Fall 2003 #7. Small Can Be Beautiful.

Author:by Paul Peter Jesep
 
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Maine Bar Journal

2003.

Fall 2003 #7.

Small Can Be Beautiful

Maine Bar JournalFall 2003Small Can Be Beautifulby Paul Peter Jesep"I shall be telling this with a sigh somewhere ages and ages hence;Two roads diverged in a wood, and I, I took the one less traveled by -And that has made all the difference."- Robert FrostLawyers have long known the joys, benefits, and challenges of keeping their practice at a manageable size. Small firms and solo practitioners dot the majestic Maine landscape. Quality of life is a priority for many of these country attorneys. They live the state slogan, "Maine - the way life should be."

David Johnson, tucked away in Nobleboro near the coast, operates his practice from home. The practice of law is a recent career change for him. "I worked another career for twenty years before becoming an attorney," he says. "I love the free time I now give myself by being small. Previously, I would work upwards of eighty hours a week for months and years on end for no gain other than financial. Money is nice, but it is the lowest item on my priority list."

Although there is a certain romance in being a "country lawyer," there are the realities of running a business. There are numerous administrative issues for a new attorney to consider. Work from home? Where to meet with clients? Maintain a print library - or go strictly online? Maintain a solo practice - but rent space with another attorney? Hire a secretary - or sharpen your own typing and computer skills?

Fortunately, the availability of online services has made the access of information, marketing opportunities, and communicating with clients faster and more efficient. The Internet has especially revolutionized access to information. The new attorney or a seasoned practitioner has the option to access articles and websites, or to email brothers and sisters of the bar directly from the computer.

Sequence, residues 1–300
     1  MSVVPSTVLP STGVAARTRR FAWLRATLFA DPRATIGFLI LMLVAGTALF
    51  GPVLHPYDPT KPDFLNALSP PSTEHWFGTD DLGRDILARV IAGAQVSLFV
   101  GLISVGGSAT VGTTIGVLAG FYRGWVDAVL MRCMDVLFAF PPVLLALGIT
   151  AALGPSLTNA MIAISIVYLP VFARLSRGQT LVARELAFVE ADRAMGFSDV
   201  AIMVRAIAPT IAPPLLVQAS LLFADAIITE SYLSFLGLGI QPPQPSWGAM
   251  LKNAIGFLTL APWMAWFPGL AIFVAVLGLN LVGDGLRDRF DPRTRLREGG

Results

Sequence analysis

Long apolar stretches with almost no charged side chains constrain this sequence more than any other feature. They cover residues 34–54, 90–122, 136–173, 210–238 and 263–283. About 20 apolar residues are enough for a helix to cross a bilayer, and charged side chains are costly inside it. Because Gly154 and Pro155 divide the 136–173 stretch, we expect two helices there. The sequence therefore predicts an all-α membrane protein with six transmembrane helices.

"Technology and learning how to manage and leverage technology helps all lawyers," says Les Wilkinson, president of the Maine State Bar Association. "It balances the playing field, and permits delivery of services efficiently. There are lawyers at small firms who use technology far better than some at large firms, and we want them to share their knowledge with others as well."

Attracting and Keeping Clients

Technology is often a key component in today's law firm, but it's not everything. Johnson offers realistic advice for those still in law school seriously considering an individual endeavor. Any business, of course, has to generate revenue and show a profit. That starts with clients. Attracting clients requires a creative marketing approach in which involvement in community can play a key role.

"The goal," Johnson continues, "is to maintain a minimum of ten to fifteen billable hours a week. To reach this point takes time and does not arrive overnight so my advice to a new attorney starting his or her own law firm is to have enough financial resources to go at least a full year with no/low income. Spend the time being involved in all aspects of your community, it may seem like a burden on your time but the investment will come back in the form of clients."

According to Janet McCaa, a partner in the Portland-based Johnson & McCaa LLC, getting and keeping clients "is an ongoing challenge." Alan...

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